The business is based in the offices of Burn, where I have my own desk. It’s good to be around lots of people as it could be quite lonely otherwise.
How have you promoted your business?
What has proved successful and what won’t you do again? Social media has been invaluable for promoting the business. We got 1,000 unique users to the site in the first week, which is pretty good since we’ve done nothing but tweet. We’re going to use PR and also want to communicate directly with our business audience via email. Natural search is another tool we’ve used, and we have our own blog and resource centre on the site.
How much do you charge? How did you decide this?
Registration is free plus it is currently free for businesses to add a project and will be until the end of February. After that, for a business to list a project on the site, the price depends on the size of the project. We ran the pricing model passed businesses we knew and asked what they thought. We will always keep an eye on the pricing.
What has your growth been like? Are you where your business plan said you’d be?
We are way ahead of our plan in terms of growth, which is great. To have 1,000 unique monthly users on the site in the first week is a really good sign. We want to be profitable in six months to a year, and by the end of the year, we hope to be the go-to resource for small businesses that need marketing help. But while we want to help small businesses, we also want to get some more big names on board.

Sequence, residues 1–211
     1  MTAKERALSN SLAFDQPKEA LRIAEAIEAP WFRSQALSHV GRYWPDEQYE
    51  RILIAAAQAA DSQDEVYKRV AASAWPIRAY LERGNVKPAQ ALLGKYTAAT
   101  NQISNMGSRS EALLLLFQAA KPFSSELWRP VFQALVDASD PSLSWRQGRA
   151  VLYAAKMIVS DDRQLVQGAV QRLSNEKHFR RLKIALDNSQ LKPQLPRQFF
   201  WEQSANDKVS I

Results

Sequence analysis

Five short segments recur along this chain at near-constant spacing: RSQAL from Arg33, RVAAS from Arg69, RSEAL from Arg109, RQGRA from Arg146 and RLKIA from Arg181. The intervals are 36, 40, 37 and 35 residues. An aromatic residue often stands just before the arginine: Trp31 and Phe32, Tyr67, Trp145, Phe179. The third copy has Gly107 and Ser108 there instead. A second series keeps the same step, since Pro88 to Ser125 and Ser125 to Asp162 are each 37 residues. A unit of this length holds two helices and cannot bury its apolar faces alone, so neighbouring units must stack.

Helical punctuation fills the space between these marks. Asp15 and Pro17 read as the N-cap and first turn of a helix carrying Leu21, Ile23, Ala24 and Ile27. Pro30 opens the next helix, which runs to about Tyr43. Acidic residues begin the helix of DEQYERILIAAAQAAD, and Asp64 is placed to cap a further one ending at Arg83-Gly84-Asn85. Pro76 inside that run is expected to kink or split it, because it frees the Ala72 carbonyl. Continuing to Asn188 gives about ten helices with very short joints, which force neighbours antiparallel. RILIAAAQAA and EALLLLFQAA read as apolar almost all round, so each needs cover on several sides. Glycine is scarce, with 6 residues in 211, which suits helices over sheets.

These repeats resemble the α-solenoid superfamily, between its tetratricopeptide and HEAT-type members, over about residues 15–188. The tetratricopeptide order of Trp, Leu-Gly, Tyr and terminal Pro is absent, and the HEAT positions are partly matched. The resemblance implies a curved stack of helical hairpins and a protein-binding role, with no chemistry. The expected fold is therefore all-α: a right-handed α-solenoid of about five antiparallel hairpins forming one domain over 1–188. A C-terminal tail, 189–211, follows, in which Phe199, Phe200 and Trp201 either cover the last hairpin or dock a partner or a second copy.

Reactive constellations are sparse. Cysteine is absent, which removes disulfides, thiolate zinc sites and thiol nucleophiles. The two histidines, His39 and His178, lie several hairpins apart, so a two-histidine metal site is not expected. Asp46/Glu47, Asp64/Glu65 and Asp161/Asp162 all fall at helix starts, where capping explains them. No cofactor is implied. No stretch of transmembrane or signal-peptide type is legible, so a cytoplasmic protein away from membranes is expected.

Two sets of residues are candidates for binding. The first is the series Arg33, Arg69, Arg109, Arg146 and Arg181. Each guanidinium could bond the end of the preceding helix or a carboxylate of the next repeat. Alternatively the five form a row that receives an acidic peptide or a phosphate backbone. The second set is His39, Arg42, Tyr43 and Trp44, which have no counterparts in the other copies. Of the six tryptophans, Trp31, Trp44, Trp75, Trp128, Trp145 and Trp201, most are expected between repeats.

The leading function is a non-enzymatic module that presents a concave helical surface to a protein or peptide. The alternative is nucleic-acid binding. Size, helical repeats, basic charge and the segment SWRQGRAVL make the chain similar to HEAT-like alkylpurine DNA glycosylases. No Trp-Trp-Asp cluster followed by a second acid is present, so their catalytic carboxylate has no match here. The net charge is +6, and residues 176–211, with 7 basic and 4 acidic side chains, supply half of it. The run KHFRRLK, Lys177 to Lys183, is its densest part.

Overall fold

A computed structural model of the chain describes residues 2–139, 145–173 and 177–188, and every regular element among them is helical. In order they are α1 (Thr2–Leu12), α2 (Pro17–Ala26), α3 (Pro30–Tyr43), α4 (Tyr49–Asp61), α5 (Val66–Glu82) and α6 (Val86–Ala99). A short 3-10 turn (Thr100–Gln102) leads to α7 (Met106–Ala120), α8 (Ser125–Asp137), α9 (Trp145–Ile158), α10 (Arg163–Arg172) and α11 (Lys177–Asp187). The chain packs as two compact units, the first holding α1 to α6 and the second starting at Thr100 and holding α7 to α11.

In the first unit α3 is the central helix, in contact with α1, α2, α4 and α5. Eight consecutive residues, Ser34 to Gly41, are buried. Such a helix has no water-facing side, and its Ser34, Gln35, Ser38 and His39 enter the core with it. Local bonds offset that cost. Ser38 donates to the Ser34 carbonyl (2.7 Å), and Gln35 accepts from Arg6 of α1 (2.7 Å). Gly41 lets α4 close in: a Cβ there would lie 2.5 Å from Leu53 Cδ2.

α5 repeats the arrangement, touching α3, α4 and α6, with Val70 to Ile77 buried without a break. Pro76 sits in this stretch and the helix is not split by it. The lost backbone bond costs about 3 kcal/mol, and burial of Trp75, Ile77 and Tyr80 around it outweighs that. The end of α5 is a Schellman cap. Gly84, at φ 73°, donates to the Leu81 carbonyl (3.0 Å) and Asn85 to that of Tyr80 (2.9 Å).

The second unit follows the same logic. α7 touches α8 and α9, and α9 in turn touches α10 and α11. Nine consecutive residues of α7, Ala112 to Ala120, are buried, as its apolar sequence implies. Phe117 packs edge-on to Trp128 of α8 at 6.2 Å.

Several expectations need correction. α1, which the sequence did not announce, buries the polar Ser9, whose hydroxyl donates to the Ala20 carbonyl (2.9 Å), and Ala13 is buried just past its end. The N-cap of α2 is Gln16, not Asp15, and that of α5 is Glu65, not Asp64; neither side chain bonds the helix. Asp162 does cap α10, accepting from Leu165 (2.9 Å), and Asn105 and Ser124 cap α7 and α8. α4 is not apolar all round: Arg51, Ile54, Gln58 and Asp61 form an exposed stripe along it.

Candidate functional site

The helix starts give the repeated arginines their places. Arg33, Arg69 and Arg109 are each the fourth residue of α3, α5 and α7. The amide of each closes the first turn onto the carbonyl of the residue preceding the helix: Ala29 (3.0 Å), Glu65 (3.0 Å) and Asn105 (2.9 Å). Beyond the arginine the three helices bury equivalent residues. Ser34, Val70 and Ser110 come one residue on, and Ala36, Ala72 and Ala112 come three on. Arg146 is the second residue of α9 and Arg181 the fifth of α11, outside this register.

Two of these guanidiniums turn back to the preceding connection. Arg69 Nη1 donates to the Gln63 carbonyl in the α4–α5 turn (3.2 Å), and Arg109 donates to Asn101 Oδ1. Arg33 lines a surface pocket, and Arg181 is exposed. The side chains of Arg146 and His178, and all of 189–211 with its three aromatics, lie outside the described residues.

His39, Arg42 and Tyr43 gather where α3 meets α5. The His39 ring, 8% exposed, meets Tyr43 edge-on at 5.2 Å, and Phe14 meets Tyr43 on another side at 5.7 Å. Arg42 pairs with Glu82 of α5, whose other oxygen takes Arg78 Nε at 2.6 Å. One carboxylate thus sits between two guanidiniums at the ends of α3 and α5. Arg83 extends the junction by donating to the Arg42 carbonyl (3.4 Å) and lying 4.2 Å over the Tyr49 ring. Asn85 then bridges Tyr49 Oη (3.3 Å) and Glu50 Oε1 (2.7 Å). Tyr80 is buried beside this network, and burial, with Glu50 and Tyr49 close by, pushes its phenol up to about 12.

What’s the impact on your home life been like?
It’s not really much different to when I was at the agency. I used to work 80-100 hour weeks. Running a business does give you more freedom, although it also means it’s more difficult to switch off.
What would you say the greatest difficulty has been in starting up?
It’s hard to get the balance between developing the site and also doing all the admin – which can be very confusing. Setting up the internet merchant account in order to be able to take payments online was probably the greatest difficulty – it took three months to get it right. It was like jumping through hoops.
What was your first big breakthrough?
Talking to the Federation of Small Businesses was great because they loved our idea – that was a huge boost. Also getting a brief from Hewlett Packard was pretty good news as they’re such a big name.
What would you do differently? ie what have you learnt?
With the website – I would have written the copy upfront rather than leaving it to the last minute. Also I think we’ve learnt we need to be a lot more explicit about what we want the site to do with the web designers.
What advice would you give to budding entrepreneurs?
Just go for it. I’ve spoken to so many people who said they had a great business idea but didn’t try it. It’s good to use your network and get people who’ll support you – you don’t have to go it alone. Go to a few seminars and listen to successful entrepreneurs who can give you ideas and inspiration.
Where do you want to be in five years’ time? Do you have an exit plan?
We’d love to open our site up to other countries – we’ve got the functionality on the site right, so there’s no reason that it can’t work in other countries. We’d also love to create a feeder marketing agency one day out of the best creatives we see on the site. There isn’t really an exit plan now as I want to see this through and make it a massive success.